WASHINGTON (Reuters) - The White House said on Tuesday it would appeal a court ruling that halted a Trump administration policy requiring some asylum seekers to return to Mexico and wait for their legal cases to proceed.
U.S. District Judge Richard Seeborg in San Francisco said on Monday that the administration’s policy of sending some Central American asylum seekers to Mexico while their claims work through a backlogged immigration court system was not authorized by U.S. law and lacked safeguards to protect refugees from threats to their lives or freedom.
“This action gravely undermines the president’s ability to address the crisis at the border with the tools Congress has authorized and disrupts the conduct of our foreign affairs,” the White House said in a statement.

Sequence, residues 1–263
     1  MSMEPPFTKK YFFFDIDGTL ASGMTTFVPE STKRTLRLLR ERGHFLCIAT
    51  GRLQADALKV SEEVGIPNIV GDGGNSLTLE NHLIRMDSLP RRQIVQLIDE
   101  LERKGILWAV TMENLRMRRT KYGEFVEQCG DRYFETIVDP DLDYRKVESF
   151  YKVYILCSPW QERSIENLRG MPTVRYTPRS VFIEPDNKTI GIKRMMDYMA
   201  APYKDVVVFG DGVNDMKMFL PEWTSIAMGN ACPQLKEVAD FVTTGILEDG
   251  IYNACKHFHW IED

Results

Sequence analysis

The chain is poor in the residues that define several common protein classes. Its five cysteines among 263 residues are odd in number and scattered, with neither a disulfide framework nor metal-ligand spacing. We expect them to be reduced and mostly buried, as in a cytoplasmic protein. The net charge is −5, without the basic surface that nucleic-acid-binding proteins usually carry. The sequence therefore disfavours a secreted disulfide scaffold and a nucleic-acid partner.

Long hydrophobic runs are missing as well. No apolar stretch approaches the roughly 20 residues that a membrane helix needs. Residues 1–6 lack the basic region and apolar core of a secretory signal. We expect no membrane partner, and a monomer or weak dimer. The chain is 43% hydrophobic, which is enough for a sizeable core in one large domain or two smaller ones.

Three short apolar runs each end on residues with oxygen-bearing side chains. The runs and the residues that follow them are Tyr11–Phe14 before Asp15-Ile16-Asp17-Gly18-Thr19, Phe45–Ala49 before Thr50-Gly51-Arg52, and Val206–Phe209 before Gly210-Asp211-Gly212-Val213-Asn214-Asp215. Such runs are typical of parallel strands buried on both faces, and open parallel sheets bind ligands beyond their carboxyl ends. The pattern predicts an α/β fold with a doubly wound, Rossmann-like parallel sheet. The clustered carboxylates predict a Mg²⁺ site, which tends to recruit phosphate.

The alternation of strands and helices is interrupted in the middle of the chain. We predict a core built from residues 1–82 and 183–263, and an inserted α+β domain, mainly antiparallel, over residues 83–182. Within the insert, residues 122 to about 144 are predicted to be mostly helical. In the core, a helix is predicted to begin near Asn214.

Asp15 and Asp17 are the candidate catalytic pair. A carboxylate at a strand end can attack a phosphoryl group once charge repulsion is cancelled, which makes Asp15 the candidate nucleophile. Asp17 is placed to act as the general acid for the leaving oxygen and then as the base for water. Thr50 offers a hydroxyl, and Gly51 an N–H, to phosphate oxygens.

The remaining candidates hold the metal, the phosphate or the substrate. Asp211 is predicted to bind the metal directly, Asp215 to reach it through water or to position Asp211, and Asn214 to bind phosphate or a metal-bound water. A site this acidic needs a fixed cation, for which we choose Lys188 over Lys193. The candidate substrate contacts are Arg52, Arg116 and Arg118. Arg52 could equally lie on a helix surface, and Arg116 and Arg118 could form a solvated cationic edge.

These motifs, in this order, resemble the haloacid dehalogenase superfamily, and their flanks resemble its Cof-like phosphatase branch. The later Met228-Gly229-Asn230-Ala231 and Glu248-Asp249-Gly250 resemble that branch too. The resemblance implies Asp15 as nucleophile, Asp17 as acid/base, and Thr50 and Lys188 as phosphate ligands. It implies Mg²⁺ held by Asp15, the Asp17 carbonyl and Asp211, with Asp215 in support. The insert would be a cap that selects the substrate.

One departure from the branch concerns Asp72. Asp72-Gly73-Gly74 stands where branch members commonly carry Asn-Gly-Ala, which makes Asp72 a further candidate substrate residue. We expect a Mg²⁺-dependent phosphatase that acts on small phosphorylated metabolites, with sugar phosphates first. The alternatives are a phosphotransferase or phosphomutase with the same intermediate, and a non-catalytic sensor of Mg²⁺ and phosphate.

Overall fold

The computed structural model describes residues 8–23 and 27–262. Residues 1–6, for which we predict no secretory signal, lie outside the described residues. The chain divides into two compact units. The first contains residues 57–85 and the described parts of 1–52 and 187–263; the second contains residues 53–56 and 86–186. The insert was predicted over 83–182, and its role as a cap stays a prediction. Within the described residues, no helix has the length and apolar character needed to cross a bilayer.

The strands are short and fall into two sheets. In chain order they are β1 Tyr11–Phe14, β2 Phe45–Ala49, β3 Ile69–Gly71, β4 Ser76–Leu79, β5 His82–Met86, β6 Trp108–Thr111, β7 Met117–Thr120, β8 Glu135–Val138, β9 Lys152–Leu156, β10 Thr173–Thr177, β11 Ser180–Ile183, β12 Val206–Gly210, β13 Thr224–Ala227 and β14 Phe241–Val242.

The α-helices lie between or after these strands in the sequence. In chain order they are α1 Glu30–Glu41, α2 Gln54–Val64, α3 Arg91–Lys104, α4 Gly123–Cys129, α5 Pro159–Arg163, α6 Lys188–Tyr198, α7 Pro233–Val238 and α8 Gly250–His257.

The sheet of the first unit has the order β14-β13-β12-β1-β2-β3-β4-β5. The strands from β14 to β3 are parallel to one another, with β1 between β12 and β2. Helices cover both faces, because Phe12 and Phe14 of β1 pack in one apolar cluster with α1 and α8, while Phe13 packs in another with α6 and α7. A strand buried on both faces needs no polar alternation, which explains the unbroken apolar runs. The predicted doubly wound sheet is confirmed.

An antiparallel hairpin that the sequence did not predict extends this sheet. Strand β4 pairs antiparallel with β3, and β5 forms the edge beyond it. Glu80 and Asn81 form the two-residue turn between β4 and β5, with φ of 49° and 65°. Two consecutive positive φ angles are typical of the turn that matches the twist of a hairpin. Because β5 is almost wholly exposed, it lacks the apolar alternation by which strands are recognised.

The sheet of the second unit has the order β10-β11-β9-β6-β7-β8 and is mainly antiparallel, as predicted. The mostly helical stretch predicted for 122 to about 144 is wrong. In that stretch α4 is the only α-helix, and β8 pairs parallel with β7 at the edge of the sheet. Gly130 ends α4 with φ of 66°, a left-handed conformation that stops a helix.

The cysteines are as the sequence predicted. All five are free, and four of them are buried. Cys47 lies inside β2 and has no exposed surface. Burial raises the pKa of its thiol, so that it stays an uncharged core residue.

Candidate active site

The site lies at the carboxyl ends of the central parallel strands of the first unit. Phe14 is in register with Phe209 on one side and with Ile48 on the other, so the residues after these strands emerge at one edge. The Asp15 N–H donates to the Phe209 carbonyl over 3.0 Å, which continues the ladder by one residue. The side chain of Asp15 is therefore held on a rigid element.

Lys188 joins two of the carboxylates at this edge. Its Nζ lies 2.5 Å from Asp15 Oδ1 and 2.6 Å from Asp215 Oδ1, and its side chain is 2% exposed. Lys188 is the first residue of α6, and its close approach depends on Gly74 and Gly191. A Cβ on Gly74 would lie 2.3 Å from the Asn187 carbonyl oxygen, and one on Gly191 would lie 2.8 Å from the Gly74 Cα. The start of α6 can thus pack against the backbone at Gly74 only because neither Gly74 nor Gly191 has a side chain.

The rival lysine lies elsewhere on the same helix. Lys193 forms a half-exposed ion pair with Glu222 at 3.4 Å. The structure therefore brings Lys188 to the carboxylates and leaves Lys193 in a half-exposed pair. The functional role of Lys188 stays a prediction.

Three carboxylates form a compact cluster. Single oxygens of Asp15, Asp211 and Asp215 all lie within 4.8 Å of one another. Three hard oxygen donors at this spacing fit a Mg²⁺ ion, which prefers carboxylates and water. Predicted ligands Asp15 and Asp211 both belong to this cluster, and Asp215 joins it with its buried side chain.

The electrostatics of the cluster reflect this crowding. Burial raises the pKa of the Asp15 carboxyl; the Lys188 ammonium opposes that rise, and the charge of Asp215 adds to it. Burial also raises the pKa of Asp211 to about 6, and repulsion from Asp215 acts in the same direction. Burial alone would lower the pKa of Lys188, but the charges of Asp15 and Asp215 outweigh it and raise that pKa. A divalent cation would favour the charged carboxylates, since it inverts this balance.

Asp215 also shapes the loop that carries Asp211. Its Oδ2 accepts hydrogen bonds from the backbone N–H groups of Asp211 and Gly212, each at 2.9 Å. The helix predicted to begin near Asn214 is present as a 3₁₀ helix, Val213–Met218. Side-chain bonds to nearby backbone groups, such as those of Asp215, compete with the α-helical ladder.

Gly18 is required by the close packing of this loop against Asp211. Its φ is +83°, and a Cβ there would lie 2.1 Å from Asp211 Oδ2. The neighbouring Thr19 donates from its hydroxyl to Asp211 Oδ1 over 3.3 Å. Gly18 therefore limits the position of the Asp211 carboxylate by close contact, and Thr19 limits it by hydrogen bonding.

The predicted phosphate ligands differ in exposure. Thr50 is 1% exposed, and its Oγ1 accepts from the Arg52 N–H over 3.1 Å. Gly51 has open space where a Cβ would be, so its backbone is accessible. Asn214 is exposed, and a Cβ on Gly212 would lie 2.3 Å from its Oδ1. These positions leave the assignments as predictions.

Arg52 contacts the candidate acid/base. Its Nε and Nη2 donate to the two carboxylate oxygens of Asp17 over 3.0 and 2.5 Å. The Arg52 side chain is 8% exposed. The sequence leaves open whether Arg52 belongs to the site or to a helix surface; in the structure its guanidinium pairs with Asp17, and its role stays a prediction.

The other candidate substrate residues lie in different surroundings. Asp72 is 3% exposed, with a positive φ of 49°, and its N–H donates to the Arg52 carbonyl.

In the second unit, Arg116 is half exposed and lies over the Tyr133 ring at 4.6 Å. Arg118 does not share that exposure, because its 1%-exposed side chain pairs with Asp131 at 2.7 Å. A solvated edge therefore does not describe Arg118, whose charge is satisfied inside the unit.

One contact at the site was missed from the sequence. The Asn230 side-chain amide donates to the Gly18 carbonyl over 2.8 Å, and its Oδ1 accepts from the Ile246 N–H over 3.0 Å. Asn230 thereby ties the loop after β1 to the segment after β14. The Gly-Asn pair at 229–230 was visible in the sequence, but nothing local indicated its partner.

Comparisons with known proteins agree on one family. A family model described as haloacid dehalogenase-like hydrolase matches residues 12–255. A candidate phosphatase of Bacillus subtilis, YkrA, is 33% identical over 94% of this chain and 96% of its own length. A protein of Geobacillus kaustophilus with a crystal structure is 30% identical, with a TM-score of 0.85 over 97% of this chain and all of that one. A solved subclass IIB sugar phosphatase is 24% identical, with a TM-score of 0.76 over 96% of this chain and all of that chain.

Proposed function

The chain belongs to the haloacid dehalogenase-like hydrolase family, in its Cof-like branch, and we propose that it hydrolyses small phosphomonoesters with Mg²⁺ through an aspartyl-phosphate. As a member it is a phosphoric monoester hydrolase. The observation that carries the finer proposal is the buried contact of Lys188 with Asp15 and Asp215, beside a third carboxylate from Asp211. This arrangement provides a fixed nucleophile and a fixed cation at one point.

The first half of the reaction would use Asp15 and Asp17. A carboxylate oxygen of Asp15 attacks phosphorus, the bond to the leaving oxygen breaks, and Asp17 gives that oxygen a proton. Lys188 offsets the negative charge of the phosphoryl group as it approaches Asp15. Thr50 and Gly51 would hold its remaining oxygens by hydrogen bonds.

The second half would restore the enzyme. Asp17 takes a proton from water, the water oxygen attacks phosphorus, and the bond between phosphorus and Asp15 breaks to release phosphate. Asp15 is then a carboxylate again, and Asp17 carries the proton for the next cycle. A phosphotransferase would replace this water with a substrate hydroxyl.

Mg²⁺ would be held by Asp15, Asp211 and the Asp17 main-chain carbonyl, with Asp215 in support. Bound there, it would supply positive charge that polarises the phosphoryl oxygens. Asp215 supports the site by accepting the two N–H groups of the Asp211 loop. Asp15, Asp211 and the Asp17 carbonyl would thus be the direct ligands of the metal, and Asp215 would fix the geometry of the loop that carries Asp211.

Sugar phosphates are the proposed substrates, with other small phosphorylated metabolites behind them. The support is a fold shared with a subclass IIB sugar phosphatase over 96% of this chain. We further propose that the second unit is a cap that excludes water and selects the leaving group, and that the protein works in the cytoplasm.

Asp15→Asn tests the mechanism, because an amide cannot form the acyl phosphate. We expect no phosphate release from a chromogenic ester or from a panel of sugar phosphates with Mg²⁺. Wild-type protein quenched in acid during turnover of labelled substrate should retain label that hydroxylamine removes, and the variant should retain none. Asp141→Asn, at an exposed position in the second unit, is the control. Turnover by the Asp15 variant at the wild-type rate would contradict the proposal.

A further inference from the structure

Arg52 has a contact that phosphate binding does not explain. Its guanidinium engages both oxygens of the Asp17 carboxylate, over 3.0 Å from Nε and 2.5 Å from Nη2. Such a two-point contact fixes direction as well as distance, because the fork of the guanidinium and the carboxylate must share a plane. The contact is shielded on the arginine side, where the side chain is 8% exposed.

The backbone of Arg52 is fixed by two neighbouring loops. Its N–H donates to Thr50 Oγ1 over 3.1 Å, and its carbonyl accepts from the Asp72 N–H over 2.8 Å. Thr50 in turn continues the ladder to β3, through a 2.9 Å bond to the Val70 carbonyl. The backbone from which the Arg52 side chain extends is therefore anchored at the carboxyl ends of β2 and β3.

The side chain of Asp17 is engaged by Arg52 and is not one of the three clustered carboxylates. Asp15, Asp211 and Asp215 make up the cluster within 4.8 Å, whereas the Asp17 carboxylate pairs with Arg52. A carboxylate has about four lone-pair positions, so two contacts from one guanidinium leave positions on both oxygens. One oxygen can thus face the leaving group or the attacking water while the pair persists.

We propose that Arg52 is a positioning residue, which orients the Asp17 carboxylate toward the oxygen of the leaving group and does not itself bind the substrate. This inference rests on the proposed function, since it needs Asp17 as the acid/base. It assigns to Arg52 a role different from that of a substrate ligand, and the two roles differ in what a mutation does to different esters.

“We intend to appeal, and we will take all necessary action to defend the executive branch’s lawful efforts to resolve the crisis at our southern border,” it added.
The judge’s ruling is scheduled to take effect on Friday. It was not immediately clear if the government would seek a suspension of the ruling while the appeals process runs its course.
A White House spokesman did not immediately respond to a request for additional comment.
Federal agencies on the U.S.-Mexico border are trying to stem the rising numbers of immigrants, many of them families fleeing violence and poverty in Central America. The Department of Homeland Security said it arrested or denied entry to more than 103,000 people along the border last month, more than double the March 2018 figure.
Reporting by Eric Beech, Makini Brice and Yeganeh Torbati; Editing by David Alexander and Grant McCool